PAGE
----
”When you realise there is nothing lacking, the whole world belongs to you”
Gratitude has received a lot of media attention of late, in the yoga world and in the realms of positive psychology. In this blog article I will take a look at what gratitude is, why its so good for us to practice, and how we can incorporate it into our daily lives.
Definition of gratitude
Gratitude is ‘the quality of being thankful: readiness to show appreciation for and to return kindness’.
Put simply, gratitude is feeling thankful for what one already has in life, rather than always focusing on what is lacking. It is a typical mindset of us humans, to strive towards our goals, to seek more wealth and success and just simply to have more than we currently have. And this is by no means a bad thing. It is wonderful to have goals to work towards.
Gratitude is stopping for a moment to realise how far you have already come. To realise how much you already have. To appreciate the people you have around you. Expressing gratitude allows us to stop for a moment and express thanks for what already is.
The Benefits of a Gratitude Practice
There are many more, but here are 3 of the most important benefits of gratitude.
1) People with an attitude of gratitude experience lower levels of stress
In a study by McCraty and colleagues (1998) 45 adults were taught gratitude techniques to cultivate appreciation and other positive emotions. McCraty found that there was a 23% mean reduction (across all participants) in the stress hormone cortisol.
2) Increases feelings of wellbeing
Research by Psychologist Robert Emmons shows that keeping a gratitude journal, where by participants noted down brief reflections of moments they were grateful for during the day, dramatically increased feelings of wellbeing and life satisfaction reported by the participants.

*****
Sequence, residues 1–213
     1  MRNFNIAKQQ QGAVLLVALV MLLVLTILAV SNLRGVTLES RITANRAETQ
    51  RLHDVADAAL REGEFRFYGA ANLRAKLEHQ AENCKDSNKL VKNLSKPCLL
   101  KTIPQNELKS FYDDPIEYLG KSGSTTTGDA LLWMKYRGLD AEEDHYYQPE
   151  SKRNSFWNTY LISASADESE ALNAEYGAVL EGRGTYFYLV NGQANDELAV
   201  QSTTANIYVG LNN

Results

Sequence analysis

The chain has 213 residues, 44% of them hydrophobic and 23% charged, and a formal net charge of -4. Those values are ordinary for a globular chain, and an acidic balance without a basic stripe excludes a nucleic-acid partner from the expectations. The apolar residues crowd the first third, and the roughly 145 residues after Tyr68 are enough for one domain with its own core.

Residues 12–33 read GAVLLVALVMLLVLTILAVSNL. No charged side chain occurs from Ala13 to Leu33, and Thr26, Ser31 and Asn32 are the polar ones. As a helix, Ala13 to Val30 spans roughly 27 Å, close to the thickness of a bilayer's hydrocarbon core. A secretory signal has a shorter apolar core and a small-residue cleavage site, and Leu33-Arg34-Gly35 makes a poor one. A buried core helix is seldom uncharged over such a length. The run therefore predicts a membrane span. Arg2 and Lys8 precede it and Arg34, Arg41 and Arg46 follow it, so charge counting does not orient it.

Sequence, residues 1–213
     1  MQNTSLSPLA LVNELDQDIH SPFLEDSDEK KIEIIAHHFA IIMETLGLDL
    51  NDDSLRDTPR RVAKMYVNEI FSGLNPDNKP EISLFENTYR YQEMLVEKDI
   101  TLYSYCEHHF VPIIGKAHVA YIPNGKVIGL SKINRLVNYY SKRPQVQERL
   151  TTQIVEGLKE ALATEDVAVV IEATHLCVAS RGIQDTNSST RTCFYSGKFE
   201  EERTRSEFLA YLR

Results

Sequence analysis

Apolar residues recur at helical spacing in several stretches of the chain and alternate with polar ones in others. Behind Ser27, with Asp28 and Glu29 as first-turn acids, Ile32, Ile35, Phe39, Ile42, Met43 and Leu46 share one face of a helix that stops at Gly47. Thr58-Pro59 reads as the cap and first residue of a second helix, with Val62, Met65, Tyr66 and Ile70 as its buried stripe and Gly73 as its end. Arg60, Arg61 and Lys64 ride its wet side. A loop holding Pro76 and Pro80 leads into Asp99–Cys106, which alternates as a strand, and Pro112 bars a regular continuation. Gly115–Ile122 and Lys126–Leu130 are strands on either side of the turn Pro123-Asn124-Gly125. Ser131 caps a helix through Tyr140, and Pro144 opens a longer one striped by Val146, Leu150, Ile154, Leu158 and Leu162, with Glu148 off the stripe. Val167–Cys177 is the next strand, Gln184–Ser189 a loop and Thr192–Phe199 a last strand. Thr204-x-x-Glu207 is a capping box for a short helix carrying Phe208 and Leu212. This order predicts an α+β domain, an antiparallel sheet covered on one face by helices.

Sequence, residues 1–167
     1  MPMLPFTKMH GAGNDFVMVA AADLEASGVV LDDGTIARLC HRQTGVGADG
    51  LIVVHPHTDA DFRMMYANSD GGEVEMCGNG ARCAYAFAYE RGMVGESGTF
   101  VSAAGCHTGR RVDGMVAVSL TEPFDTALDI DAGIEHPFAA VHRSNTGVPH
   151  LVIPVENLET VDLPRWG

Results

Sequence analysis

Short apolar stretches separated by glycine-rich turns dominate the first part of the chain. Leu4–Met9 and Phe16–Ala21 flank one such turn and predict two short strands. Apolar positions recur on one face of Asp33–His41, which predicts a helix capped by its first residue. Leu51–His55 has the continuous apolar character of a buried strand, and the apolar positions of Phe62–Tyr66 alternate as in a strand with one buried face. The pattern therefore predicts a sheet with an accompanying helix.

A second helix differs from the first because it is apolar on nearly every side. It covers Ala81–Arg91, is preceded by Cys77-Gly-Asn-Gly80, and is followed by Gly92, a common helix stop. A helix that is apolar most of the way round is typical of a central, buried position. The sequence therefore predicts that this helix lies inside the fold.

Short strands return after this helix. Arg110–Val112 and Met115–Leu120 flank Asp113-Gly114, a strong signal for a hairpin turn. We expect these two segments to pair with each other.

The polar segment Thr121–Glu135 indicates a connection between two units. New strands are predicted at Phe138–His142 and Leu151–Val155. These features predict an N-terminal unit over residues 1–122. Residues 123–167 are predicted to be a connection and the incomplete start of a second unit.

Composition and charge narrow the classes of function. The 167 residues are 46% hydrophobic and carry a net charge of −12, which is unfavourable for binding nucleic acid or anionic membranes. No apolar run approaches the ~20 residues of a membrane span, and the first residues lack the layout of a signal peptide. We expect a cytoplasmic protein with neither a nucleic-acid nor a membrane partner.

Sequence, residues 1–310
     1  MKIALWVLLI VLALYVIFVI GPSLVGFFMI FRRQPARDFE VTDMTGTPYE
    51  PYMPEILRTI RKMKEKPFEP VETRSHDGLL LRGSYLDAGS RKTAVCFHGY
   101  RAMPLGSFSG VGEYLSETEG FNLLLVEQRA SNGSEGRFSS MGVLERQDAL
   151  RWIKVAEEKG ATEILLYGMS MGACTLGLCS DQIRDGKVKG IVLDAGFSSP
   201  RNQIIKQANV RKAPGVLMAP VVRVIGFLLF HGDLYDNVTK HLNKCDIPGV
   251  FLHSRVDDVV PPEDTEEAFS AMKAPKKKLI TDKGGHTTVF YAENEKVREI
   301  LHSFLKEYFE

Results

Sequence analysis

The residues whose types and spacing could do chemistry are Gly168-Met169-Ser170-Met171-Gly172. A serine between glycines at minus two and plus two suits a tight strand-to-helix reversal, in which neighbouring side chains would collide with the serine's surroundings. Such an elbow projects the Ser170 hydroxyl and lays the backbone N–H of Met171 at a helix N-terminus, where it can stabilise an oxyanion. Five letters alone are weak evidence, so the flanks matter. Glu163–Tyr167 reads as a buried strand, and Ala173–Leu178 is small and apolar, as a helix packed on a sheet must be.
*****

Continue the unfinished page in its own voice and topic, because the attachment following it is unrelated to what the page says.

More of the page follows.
3) Increases Happiness
In a study by Seligman, Steen and Peterson (2005) participants were given one week to write a letter of gratitude to someone who had been very kind to them, but they had never properly thanked. The results showed that those who participating in the letter writing exercise reported feeling more happiness in the one month following the exercise the the control group, who didn’t partake in the exercise.
How do I practice gratitude?
Sounds great right?! So how do you go about bringing gratitude into your daily life?
Keep a gratitude journal.
You don’t need to go into huge amounts of detail, just note down 5 things everyday before you go to sleep that you are grateful for. Research shows that it is more effective if you are very specific about things that you are grateful for e.g. rather than just writing ‘my family’ everyday, you write ‘I am grateful that my family were all together for dinner this evening’. Be specific about things you are grateful for in the last 24 hours since your last entry. It can be anything, the delicious food you ate, a chat you had with a friend, time for a bath.. any simple but beautiful moment from your day that made your day that much better. Let’s face it, some days aren’t much different from the next and you may feel that it’s hard to find something specific to be grateful for. So you express gratitude for broader things then, your health, the fact that you can breathe, the sunshine. There is always some beauty to find, we just need to train the mind to find it.
Vocalise your gratitude.
Tell the special people in your life that you are grateful for them. They don’t have to do anything in particular, but every now and again just say thank you. Thank you for being there for me. Thank you for being in my life. Tell them something specific that you love about them. Everyone loves to feel appreciated and you will feel so good saying it too.
If someone does something kind for you, be grateful in the moment. Acknowledge their kind actions and thank them on the spot. If you forget, make sure you thank them later.
Practice present moment gratitude.
Throughout the day, practice present moment gratitude. When there is a moment that you feel grateful for, whether it’s your morning cuppa or your evening meal, acknowledge fully as you experience it. Becoming more mindful of these moments throughout the day, as they arise, will give us a greater sense of well being and life satisfaction.
Remember, most of us aren’t naturally grateful (unless we have been taught from an early age!). This is something we have to re-learn and re-wire our brain to do. Keep up a regular daily practice, however small, and see how you feel after a few weeks.
And I would like to say thank you to all of you for reading my article, to my students for being a constant source of inspiration to me and to the universe, for allowing me to do what I love! Please get in touch here if you have any questions, or leave a comment below.